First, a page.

I was bought up in the Fifties, we didn’t have much money, rationing had just ended, we lived in a two up two down terraced house with an outside toilet.
We had no telephone, no car, no washing machine and of course no television. We did however have a cellar, and if unwanted callers arrived at the door, like the milkman or bread man demanding money, she would herd us into the cellar where we had to remain very quiet until they had disappeared.
Our diet would certainly have been frowned on by today’s standards. We were an observant Jewish family, no mean feat when you are poor and you live in Leicester. We had sugar sandwiches at tea time, dripping sandwiches for lunch, and some very odd concoctions for dinner. We only had chicken twice a year – I am not sure if this was because of expense or the rarity of getting kosher chickens.
As toddlers, mum would take us to the local park, typewriter balanced precariously on the pram handlebar, and while we played on the grass she would be typing envelopes to earn a few bob.
Mum was not a Nigella or Delia and until I left home I thought that cabbage was supposed to be all mushy. However her chocolate eclairs were a triumph! Once when she had friends coming over for tea, and not wanting us children depleting the supply, she left a note on the cakes which read “I have spat on every one of these”.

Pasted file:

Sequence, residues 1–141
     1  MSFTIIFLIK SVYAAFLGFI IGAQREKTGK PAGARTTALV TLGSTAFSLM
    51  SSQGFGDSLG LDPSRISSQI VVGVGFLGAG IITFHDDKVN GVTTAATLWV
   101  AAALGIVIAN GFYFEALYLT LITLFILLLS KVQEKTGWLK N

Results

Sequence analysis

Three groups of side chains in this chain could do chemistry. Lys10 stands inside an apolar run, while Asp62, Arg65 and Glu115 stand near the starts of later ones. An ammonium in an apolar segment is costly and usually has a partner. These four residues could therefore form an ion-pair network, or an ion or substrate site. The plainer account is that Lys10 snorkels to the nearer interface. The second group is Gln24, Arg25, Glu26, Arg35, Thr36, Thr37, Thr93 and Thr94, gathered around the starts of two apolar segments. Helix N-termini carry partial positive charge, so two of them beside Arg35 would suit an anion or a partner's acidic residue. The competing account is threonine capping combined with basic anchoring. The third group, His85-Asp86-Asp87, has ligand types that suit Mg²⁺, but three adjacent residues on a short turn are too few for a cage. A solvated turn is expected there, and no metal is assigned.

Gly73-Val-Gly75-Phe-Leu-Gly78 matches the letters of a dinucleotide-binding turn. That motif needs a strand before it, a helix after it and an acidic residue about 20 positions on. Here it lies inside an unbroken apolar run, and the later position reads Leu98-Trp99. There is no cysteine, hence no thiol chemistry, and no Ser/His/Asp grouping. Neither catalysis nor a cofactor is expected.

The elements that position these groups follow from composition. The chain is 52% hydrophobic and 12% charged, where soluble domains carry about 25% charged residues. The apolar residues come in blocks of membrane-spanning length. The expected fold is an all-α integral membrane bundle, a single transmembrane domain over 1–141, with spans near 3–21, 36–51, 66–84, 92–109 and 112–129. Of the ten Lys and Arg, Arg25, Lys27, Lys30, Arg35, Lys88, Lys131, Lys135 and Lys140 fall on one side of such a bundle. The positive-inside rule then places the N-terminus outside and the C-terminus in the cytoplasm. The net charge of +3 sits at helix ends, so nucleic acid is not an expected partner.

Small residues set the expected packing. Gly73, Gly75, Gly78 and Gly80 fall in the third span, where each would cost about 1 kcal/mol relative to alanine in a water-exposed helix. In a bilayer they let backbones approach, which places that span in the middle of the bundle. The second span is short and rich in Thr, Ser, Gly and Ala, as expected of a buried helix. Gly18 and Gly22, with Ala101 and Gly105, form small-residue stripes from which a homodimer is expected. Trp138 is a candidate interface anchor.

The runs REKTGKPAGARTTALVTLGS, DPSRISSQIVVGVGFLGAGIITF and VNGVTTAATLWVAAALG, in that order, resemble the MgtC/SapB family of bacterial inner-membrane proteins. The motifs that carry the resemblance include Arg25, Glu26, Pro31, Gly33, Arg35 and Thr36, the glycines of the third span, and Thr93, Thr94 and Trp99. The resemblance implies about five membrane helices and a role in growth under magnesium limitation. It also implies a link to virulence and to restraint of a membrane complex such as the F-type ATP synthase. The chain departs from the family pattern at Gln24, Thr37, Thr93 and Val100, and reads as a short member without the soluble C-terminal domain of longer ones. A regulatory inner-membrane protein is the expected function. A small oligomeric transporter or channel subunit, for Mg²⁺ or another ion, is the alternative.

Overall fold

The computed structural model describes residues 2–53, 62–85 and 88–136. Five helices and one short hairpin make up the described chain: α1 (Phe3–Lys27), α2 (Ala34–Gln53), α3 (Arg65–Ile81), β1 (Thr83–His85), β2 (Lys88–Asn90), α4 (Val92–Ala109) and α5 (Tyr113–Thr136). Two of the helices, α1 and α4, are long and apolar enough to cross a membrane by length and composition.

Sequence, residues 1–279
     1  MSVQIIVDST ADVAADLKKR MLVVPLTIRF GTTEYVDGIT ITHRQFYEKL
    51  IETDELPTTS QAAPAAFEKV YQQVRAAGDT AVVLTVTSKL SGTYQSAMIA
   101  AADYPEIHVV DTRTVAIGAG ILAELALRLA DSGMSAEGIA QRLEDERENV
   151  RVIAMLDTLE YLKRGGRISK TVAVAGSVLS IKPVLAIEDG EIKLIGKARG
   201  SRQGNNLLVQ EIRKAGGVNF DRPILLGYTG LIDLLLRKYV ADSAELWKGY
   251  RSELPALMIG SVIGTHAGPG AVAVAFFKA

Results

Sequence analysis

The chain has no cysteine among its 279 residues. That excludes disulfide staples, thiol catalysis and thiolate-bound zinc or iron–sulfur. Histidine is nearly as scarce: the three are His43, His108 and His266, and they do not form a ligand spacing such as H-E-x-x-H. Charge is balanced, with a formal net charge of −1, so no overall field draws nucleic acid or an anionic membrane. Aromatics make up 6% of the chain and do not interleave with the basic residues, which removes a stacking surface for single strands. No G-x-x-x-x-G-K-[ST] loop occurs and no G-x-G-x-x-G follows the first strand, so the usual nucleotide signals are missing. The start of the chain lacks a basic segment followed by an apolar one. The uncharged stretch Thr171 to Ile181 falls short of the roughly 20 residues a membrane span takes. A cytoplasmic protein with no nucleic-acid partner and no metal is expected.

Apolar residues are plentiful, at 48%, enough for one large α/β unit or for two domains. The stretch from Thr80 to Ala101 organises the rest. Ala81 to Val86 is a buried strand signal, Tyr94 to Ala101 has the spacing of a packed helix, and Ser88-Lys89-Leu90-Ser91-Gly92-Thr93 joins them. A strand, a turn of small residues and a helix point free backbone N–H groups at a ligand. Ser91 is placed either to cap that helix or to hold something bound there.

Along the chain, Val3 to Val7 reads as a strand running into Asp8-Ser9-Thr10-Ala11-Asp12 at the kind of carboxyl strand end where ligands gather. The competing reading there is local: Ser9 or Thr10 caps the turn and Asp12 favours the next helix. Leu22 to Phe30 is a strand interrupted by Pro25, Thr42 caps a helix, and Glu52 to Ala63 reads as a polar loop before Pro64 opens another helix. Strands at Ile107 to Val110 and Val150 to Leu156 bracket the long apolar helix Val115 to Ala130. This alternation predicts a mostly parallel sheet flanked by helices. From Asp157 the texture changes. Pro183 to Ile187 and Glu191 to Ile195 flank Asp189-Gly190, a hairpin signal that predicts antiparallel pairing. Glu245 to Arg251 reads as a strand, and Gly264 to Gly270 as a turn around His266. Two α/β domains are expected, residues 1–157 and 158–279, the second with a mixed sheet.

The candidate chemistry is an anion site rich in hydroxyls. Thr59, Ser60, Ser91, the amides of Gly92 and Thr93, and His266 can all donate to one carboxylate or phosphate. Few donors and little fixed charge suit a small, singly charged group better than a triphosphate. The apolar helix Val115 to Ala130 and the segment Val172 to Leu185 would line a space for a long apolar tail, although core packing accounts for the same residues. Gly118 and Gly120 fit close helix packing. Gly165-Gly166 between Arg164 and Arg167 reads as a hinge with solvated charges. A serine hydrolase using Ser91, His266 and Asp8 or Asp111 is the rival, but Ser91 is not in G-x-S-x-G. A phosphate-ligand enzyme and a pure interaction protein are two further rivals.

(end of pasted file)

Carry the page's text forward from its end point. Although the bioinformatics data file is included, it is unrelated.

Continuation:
When we got to nursery school age she would take both of us to school on her bike, one on front and one behind and then ride to various temp jobs she had with the Brook Street Bureau.
Despite our lack of amenities growing up with mum was a lot of fun. She had a great imagination, a wicked sense of humour, and a real anarchic sense of adventure. She would take us on escapades that would be unthinkable in today’s health and safety conscious society.
I have 3 children, I had help with childcare, we live in a comfortable house with all mod cons, my partner and I have well paid jobs, and the children had an excellent education. Yet somehow I think my mother was less stressed than I am. I run around chasing my tail and never catching it. Weeks wiz past with the ‘to do’ list getting longer. And despite the fact that the children have all grown up, my parents sadly dead, and I run my own company, I still have no time and sink into bed at night exhausted.
So would one say I had it all and was I better off than my mother?
I think the mantra first coined by a Cosmopolitan editor that we could ‘have it all’ was perhaps misleading. Combining a career and motherhood is hard work. And although it’s possible to raise a family while holding down a career, something has to give. Maybe it’s the chocolate eclairs! Certainly within my circle of friends life was a tiring mix of slapdash housework, missed dead-lines and juggling childcare and nothing ever really went to plan.
Erin Pizzey, founder of the women’s refuge movement, argued that by dispensing with the time-honoured tradition of male breadwinner and female nurturer, we’ve invented a game in which everyone loses. Men are “disenfranchised” from their roles. And she thinks that we are an exhausted generation of women trying to do it all and in chasing this we have become imprisoned by the need to work full-time. And yes, she thinks we should turn back the clock.
I wonder what my mother would say.